The best doctors write to the government


New Delhi: A group of top doctors have made an open appeal to the Narendra Modi government, the states as well as the Indian Medical Association (IMA) for an “evidence-based response” to the current wave of Covid. They also called for an end to the use of drugs and diagnostics “inappropriate for the clinical management” of the virus.

In a letter, more than 30 health experts drew attention to issues of “unwarranted medications, tests and hospitalizations” being suggested to Covid patients. They pointed out that Covid “kits” and cocktails, vitamin combinations and a host of drugs were being prescribed to patients, which they called an irrational practice.

The practice of “unnecessary CT scans and a battery of lab tests” for asymptomatic and mild cases of Covid was also criticized in the letter.

Instead, the group of doctors have proposed updating the Directorate General of Health Services (DGHS) guidelines and issuing guidance on home care for Covid patients.

Here is the full text:

January 14, 2022

Open call to all State and Central Ministries of Health, Indian Medical Association and all healthcare professionals

Urgent need for an evidence-based response to the current wave of Covid-19 in India

Less than a year ago, the devastating delta wave of the pandemic resulted in the greatest public health emergency of our time. The response to the pandemic, while marked by countless examples of personal sacrifice and courage, has been riddled with missteps – many of which were avoidable.

Although there is still much uncertainty amid the outbreak of this new disease, there is now substantial high quality scientific literature that provides unequivocal guidance on the clinical management of Covid-19. Despite the weight of this evidence and the crushing toll of the Delta wave, we see the mistakes of the 2021 response repeating themselves in 2022.

We urge you to intervene to stop the use of inappropriate drugs and diagnostics for the clinical management of Covid-19. We draw your attention to three critical points:

  1. Unjustified drugs

The vast majority of patients with Covid-19, with asymptomatic and mild symptoms, will require little or no medication. Most of the prescriptions we’ve looked at over the past two weeks include multiple Covid-19 “kits” and cocktails. Prescribing combinations of vitamins, azithromycin, doxycycline, hydroxychloroquine, favipiravir and ivermectin to treat Covid-19 is an irrational practice. Such gratuitous drug use is not without danger, as the Delta wave showed. Epidemics of opportunistic fungal infections such as mucormycosis in India and aspergillosis in Brazil have been attributed to the widespread abuse of inappropriate drugs.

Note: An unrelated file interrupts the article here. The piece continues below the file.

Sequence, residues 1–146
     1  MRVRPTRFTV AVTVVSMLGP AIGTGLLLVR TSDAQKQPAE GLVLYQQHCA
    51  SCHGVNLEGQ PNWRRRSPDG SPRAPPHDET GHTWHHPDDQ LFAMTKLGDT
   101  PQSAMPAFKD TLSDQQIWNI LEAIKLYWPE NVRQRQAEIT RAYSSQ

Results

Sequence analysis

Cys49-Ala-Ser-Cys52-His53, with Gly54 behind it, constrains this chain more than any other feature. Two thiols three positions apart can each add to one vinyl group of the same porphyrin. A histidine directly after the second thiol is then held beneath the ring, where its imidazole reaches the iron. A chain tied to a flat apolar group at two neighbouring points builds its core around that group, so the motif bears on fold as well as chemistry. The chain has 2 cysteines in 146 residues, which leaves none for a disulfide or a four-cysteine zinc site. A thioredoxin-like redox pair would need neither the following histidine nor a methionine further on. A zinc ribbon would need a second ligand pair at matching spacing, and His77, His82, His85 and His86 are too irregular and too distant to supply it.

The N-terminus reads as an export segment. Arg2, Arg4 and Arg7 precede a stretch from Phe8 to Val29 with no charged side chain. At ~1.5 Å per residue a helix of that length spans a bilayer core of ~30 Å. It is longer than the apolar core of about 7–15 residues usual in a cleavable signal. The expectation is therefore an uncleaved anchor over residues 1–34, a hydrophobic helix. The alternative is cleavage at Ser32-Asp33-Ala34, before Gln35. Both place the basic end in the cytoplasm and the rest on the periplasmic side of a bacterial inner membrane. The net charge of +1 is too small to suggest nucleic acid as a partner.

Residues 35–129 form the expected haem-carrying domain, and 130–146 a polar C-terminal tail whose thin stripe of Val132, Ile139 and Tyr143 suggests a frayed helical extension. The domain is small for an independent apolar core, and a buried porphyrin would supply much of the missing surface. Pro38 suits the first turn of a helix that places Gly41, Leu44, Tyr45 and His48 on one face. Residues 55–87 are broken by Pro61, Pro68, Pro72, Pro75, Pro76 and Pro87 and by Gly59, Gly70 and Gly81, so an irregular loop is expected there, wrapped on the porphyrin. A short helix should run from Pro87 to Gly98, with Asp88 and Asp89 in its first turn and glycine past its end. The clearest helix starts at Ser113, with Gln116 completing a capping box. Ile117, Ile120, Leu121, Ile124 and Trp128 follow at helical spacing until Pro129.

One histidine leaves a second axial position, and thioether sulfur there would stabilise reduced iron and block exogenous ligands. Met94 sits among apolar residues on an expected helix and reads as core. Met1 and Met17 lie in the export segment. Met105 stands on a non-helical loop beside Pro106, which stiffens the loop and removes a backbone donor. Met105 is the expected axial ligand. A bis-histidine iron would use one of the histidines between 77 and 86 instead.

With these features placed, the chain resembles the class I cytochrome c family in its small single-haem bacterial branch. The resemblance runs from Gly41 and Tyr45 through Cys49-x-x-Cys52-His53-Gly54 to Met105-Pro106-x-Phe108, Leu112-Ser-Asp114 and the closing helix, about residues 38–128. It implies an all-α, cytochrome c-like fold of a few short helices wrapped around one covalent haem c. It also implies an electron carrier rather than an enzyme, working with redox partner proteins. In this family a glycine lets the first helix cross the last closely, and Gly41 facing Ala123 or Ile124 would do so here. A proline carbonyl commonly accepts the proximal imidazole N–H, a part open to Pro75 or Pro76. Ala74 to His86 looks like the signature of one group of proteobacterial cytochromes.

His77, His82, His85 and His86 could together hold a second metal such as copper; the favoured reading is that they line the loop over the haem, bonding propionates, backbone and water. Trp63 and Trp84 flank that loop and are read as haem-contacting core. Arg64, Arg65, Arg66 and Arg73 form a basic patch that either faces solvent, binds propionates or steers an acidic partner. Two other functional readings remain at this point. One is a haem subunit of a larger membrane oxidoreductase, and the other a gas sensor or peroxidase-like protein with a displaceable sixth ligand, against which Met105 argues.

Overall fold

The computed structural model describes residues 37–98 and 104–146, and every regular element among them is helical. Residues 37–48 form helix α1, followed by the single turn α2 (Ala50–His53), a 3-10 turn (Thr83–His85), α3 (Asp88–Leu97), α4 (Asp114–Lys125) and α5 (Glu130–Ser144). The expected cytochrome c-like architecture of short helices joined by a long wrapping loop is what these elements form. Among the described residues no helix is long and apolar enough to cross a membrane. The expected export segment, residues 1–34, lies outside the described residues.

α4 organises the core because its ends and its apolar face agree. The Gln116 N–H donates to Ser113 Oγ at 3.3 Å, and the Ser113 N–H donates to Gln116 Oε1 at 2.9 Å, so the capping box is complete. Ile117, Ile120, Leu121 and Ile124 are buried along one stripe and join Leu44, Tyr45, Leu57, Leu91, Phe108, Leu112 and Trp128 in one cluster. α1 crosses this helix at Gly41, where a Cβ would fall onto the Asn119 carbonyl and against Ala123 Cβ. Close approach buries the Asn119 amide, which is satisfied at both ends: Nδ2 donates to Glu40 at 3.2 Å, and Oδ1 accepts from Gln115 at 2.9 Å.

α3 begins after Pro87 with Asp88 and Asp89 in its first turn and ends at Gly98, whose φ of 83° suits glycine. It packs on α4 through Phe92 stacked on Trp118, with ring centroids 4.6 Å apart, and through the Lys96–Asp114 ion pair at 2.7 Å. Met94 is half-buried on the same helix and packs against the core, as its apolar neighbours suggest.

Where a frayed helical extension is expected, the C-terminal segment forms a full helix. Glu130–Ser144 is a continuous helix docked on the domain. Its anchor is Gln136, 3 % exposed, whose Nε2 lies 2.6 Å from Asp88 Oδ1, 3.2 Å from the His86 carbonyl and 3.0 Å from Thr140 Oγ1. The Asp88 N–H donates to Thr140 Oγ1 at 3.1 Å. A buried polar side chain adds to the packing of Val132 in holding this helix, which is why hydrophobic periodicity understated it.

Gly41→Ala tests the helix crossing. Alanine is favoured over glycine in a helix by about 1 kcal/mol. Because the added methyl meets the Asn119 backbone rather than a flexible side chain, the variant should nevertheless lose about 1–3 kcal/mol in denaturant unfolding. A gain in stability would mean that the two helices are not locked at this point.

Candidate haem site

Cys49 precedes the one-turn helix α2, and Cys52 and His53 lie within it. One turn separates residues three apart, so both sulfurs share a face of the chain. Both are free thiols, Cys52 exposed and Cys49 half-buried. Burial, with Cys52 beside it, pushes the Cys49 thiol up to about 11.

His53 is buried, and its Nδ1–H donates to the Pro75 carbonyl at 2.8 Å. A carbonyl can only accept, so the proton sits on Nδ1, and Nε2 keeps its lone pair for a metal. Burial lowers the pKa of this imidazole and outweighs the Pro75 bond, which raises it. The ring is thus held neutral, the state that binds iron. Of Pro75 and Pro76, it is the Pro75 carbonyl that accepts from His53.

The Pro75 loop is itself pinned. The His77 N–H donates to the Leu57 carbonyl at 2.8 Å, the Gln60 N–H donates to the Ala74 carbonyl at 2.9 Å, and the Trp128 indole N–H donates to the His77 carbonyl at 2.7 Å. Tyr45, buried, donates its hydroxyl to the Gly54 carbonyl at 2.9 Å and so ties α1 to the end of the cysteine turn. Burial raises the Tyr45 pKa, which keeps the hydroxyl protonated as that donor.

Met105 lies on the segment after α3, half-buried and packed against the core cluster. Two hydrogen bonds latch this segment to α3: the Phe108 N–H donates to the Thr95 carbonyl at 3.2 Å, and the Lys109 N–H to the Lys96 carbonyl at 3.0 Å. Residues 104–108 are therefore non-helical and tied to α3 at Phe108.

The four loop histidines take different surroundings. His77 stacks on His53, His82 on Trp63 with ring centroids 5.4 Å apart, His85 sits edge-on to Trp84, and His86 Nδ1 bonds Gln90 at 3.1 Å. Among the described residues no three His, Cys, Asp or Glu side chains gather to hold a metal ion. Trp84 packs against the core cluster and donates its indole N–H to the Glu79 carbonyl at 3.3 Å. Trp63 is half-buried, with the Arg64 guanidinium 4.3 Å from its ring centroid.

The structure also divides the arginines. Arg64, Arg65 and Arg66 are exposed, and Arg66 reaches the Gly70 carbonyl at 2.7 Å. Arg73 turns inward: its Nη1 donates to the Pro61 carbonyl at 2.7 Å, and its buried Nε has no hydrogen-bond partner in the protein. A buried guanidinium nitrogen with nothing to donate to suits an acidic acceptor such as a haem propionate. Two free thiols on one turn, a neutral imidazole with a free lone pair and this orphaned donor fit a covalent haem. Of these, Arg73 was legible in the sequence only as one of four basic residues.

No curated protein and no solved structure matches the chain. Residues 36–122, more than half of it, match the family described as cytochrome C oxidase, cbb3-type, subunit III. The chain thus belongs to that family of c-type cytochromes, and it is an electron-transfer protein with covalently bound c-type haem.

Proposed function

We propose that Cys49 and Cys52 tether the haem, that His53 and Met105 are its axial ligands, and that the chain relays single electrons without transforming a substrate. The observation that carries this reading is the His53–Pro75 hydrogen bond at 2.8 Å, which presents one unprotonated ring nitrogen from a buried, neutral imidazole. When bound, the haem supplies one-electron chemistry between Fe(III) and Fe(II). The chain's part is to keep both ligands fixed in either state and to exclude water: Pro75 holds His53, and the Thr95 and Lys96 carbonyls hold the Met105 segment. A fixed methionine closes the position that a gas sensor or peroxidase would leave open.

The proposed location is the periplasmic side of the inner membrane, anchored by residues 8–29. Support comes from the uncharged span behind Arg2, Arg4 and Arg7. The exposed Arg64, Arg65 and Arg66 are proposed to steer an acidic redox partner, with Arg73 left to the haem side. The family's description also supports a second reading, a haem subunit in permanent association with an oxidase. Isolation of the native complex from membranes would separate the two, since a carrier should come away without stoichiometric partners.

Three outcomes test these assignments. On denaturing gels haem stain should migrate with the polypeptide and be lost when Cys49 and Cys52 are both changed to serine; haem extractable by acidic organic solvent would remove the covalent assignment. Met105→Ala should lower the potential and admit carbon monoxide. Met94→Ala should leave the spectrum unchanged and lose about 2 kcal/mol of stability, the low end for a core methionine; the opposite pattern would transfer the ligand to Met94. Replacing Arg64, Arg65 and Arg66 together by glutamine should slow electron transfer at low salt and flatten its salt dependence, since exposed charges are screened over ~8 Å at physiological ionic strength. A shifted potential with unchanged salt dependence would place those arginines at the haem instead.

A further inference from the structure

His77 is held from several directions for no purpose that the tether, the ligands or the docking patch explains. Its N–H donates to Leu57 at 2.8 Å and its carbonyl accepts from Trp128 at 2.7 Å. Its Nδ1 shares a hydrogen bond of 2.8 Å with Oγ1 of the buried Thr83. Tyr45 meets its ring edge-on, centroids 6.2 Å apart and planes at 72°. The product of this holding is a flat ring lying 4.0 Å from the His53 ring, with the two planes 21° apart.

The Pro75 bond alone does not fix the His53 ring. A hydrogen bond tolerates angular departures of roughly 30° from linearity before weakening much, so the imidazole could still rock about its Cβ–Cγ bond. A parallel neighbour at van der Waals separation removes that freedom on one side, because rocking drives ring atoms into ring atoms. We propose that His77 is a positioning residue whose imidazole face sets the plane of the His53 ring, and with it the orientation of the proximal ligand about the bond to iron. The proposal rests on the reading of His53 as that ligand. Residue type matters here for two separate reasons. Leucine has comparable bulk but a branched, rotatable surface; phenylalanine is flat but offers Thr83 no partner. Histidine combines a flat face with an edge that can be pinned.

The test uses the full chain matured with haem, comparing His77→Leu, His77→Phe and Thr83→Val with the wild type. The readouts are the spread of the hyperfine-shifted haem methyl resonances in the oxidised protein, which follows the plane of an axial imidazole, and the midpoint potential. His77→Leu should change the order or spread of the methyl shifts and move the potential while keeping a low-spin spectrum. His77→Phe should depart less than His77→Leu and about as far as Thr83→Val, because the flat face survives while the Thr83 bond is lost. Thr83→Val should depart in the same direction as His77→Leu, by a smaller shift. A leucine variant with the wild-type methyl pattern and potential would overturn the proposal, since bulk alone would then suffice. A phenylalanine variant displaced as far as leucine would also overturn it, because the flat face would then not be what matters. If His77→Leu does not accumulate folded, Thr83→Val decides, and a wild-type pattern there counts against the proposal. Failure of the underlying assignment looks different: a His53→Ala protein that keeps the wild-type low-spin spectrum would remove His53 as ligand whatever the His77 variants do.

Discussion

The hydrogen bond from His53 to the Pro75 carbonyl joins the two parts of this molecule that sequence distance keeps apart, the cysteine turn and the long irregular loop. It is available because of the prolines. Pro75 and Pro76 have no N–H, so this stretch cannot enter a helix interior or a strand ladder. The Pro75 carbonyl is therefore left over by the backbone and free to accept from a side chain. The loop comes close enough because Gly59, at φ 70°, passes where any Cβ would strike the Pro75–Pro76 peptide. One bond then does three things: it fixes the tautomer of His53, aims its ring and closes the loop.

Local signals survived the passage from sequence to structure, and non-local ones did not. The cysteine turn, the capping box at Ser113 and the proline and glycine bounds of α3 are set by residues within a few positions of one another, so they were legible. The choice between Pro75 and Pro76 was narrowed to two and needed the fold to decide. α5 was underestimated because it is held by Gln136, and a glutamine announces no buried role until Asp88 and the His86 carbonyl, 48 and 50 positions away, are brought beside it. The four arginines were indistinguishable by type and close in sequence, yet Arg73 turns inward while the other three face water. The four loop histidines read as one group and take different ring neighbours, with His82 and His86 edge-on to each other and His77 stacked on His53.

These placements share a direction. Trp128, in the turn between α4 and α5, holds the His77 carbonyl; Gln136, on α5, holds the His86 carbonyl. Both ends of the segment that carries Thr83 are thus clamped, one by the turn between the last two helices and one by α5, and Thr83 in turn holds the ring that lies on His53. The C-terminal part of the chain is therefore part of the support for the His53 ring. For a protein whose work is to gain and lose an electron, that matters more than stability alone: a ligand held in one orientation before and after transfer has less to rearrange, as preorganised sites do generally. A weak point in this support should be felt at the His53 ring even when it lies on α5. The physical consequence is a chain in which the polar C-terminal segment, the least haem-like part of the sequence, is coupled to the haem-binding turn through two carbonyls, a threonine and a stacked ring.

1. Unwarranted trials

The vast majority of patients with Covid-19 will not need any further diagnosis after the first rapid positive antigen or PCR test, except – in some cases – home monitoring of their oxygen levels. There is also growing evidence that while Omicron can cause many breakthrough cases among previously infected or previously vaccinated populations, disease-associated morbidity and mortality among them will be lower. Yet CT scans and a battery of lab tests like d-dimers and IL-6 are routinely ordered by practitioners across the country in asymptomatic and mild cases, placing an undue financial burden on families.

  1. Unjustified hospitalizations

Patients continue to be admitted to hospitals without clinical justification. Unnecessary hospitalizations, in addition to further increasing the financial burden, also endanger the lives of hundreds of thousands of other non-Covid patients who cannot find hospital beds for more urgent conditions.

Two years after the start of the pandemic, there is no justification for these unwarranted practices to continue. Healthcare workers in India rely heavily on government guidelines which had unfortunately promoted expensive diagnostics and drugs with limited evidence. The public and the medical community are also the subject of blatant misinformation on social media. We believe it is incumbent upon state agencies and professional medical societies to end this travesty, in the best interests of the nation.